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Desmoplakin assembly dynamics in four dimensions: multiple phases differentially regulated by intermediate filaments and actin.

Godsel LM, Hsieh SN, Amargo EV, Bass AE, Pascoe-McGillicuddy LT, Huen AC, Thorne ME, Gaudry CA, Park JK, Myung K, Goldman RD, Chew TL, Green KJ - J. Cell Biol. (2005)

Bottom Line: Using time-lapse imaging, we show that cell-cell contact triggers three temporally overlapping phases of DP-GFP dynamics: (1) the de novo appearance of punctate fluorescence at new contact zones after as little as 3 min; (2) the coalescence of DP and the armadillo protein plakophilin 2 into discrete cytoplasmic particles after as little as 15 min; and (3) the cytochalasin-sensitive translocation of cytoplasmic particles to maturing borders, with kinetics ranging from 0.002 to 0.04 microm/s.DP mutants that abrogate or enhance association with IFs exhibit delayed incorporation into junctions, altering particle trajectory or increasing particle pause times, respectively.Our data are consistent with the idea that DP assembles into nascent junctions from both diffusible and particulate pools in a temporally overlapping series of events triggered by cell-cell contact and regulated by actin and DP-IF interactions.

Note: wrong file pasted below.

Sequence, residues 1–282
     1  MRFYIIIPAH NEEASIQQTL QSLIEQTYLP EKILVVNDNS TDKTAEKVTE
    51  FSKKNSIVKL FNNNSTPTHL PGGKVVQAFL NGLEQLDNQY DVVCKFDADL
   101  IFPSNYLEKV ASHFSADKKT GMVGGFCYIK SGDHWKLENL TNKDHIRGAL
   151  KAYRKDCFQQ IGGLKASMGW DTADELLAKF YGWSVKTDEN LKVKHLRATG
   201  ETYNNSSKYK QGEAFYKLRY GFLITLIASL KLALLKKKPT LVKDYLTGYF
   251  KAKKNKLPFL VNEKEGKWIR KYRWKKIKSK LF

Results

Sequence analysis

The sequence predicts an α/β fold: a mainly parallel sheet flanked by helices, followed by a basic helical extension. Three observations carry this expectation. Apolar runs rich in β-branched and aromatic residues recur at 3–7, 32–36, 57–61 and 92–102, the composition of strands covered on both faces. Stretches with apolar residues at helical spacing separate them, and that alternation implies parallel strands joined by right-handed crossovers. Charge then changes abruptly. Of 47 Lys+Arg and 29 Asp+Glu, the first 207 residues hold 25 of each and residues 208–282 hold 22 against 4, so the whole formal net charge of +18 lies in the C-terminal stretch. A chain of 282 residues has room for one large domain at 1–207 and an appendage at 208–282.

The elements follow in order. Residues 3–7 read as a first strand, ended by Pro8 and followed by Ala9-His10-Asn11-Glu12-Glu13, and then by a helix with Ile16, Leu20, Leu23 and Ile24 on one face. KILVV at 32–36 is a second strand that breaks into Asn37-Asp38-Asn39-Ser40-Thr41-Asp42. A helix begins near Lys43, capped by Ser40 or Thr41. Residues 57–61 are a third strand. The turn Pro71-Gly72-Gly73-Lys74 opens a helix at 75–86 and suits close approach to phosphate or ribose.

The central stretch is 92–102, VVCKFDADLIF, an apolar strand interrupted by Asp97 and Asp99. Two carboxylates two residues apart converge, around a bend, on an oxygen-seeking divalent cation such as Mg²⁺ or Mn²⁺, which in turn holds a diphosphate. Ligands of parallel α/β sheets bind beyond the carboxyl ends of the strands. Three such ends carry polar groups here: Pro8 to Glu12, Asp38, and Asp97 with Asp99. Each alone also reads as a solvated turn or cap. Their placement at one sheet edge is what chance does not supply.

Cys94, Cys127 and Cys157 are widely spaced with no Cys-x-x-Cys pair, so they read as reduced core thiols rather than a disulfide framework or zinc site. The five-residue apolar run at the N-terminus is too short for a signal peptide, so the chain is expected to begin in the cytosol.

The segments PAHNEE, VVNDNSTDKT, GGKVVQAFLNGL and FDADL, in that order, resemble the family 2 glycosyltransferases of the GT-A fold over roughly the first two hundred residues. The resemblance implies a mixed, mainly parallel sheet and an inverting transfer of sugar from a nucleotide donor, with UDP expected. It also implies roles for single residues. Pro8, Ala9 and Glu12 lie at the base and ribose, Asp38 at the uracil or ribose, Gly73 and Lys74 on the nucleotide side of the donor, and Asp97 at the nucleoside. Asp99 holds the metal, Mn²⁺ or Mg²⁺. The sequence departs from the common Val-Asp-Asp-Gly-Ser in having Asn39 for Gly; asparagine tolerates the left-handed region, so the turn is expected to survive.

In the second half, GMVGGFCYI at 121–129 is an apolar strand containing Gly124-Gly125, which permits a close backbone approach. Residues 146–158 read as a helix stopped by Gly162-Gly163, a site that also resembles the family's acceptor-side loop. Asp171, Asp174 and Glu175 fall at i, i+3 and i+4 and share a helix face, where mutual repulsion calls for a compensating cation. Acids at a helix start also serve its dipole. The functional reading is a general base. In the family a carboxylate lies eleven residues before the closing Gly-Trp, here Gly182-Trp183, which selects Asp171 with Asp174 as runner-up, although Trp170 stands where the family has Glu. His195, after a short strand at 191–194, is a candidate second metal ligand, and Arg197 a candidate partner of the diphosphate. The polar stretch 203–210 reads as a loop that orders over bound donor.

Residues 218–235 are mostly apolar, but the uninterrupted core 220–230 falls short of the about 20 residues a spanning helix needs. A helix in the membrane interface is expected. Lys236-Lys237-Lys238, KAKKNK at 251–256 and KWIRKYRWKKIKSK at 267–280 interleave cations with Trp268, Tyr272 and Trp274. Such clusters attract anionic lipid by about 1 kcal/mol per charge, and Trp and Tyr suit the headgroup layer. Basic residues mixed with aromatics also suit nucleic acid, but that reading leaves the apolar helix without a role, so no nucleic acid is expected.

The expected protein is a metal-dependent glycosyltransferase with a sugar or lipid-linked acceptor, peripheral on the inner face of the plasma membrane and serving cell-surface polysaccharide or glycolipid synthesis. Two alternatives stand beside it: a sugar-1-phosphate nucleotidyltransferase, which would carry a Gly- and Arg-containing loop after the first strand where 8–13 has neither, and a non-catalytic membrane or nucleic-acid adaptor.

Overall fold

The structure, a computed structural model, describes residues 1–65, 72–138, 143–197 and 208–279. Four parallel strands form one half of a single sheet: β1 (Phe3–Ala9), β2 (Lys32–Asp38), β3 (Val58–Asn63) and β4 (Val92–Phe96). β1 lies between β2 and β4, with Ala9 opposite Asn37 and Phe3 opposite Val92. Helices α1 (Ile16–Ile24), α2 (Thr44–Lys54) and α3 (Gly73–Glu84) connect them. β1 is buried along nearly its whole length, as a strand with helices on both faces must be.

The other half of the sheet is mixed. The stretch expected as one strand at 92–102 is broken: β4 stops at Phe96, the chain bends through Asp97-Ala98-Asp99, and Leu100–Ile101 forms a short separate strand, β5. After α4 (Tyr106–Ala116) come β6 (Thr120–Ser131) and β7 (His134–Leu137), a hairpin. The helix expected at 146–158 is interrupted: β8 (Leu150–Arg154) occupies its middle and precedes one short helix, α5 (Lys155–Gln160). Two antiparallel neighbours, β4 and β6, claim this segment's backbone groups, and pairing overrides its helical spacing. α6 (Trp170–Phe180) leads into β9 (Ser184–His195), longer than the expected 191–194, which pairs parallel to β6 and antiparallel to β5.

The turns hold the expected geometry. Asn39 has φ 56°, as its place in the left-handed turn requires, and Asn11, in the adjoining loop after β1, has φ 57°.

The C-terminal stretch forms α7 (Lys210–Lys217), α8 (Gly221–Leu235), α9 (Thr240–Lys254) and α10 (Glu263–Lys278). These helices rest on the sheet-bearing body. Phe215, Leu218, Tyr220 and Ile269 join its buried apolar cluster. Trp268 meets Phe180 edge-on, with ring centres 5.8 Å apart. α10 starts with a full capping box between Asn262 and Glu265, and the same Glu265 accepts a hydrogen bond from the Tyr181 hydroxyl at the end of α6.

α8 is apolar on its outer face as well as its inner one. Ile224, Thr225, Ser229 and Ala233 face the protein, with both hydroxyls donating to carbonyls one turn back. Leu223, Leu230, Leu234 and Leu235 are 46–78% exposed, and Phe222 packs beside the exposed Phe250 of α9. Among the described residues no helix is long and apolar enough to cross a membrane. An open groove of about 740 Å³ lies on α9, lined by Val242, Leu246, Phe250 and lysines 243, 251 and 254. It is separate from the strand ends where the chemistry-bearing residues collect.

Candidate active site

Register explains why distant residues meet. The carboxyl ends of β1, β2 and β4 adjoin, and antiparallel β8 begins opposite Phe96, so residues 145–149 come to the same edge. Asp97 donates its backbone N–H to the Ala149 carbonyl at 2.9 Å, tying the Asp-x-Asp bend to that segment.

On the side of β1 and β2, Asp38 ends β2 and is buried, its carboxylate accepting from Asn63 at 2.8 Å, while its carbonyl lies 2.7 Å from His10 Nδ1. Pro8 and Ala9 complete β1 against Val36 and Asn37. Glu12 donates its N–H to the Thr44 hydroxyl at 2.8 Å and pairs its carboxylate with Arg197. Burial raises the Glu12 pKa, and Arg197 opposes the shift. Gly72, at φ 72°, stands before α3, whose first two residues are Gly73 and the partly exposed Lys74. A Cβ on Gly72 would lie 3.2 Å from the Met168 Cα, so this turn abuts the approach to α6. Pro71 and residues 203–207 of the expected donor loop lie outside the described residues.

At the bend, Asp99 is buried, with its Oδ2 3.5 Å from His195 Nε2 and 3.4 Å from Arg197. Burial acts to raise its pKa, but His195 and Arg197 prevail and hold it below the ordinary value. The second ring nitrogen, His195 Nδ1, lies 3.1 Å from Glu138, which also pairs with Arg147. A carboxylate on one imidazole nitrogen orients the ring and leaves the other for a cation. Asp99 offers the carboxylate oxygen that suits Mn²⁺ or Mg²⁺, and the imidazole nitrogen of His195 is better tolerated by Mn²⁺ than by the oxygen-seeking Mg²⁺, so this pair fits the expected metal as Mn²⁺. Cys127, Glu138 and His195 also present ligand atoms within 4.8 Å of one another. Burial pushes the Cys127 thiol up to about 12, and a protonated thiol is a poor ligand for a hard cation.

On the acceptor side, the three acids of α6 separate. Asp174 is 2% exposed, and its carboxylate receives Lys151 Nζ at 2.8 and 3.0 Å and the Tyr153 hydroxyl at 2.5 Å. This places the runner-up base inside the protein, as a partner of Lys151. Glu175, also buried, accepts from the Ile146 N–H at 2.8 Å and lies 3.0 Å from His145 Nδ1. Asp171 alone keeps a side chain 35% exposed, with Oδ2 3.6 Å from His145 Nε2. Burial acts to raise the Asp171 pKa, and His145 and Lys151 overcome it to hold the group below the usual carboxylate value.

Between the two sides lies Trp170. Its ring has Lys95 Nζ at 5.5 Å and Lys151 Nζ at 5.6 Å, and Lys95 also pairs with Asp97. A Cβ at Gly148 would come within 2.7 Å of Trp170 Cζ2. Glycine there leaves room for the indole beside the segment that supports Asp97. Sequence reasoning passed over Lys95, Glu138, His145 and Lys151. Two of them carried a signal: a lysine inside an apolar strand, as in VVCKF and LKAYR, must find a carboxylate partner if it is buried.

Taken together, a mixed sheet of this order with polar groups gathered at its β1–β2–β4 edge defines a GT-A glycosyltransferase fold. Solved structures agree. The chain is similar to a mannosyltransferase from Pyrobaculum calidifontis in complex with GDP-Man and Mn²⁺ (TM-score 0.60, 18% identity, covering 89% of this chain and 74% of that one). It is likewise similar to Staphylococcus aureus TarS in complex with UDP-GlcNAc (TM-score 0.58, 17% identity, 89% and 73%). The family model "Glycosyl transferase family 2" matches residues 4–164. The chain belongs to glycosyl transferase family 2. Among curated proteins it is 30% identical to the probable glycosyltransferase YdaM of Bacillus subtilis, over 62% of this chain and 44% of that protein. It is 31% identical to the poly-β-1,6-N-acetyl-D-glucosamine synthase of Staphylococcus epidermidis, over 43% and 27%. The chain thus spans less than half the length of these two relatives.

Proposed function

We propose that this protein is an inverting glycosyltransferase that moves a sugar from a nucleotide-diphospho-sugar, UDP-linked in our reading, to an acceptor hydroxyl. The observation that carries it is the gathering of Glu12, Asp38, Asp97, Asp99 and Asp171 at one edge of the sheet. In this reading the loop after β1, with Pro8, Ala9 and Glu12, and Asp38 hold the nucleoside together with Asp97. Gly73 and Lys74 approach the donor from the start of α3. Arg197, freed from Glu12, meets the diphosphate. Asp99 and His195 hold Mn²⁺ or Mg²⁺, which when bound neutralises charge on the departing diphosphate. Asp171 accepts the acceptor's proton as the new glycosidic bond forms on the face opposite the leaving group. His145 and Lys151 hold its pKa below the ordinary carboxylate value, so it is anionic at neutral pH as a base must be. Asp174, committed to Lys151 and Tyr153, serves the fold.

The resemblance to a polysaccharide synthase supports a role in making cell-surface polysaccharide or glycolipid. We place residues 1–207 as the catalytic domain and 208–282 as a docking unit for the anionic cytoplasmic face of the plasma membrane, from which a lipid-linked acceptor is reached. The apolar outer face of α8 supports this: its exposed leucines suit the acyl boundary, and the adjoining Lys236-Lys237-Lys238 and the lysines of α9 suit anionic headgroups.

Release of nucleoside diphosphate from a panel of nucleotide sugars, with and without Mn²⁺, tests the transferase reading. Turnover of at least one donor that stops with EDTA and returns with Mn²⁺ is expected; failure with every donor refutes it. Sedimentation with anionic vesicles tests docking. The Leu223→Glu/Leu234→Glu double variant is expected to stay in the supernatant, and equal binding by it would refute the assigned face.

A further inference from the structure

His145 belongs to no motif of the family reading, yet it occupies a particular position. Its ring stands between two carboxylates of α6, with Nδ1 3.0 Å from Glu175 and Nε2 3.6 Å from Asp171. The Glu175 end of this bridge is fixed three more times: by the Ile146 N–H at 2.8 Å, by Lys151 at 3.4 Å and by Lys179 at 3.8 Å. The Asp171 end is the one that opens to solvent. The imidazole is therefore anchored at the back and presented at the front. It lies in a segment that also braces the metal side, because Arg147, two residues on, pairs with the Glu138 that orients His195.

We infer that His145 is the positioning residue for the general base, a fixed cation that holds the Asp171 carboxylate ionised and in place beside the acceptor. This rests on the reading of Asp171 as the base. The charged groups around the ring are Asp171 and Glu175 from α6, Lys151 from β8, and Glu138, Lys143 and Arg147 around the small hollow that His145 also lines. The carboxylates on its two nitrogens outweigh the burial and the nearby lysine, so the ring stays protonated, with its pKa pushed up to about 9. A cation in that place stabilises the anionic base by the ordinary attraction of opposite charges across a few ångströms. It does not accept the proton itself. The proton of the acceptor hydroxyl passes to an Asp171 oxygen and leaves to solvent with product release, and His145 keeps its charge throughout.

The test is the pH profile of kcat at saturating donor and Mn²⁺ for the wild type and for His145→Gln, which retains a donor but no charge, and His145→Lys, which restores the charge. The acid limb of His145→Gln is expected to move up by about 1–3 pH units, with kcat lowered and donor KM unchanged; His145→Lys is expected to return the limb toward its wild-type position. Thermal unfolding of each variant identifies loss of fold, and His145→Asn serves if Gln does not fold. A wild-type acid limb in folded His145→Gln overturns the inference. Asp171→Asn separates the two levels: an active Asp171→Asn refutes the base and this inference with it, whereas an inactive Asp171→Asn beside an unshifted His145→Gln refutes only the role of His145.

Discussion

View Article: PubMed Central - PubMed

Affiliation: Department of Pathology, Northwestern University Feinberg School of Medicine, Chicago, IL 60611, USA.

ABSTRACT
The intermediate filament (IF)-binding protein desmoplakin (DP) is essential for desmosome function and tissue integrity, but its role in junction assembly is poorly understood. Using time-lapse imaging, we show that cell-cell contact triggers three temporally overlapping phases of DP-GFP dynamics: (1) the de novo appearance of punctate fluorescence at new contact zones after as little as 3 min; (2) the coalescence of DP and the armadillo protein plakophilin 2 into discrete cytoplasmic particles after as little as 15 min; and (3) the cytochalasin-sensitive translocation of cytoplasmic particles to maturing borders, with kinetics ranging from 0.002 to 0.04 microm/s. DP mutants that abrogate or enhance association with IFs exhibit delayed incorporation into junctions, altering particle trajectory or increasing particle pause times, respectively. Our data are consistent with the idea that DP assembles into nascent junctions from both diffusible and particulate pools in a temporally overlapping series of events triggered by cell-cell contact and regulated by actin and DP-IF interactions.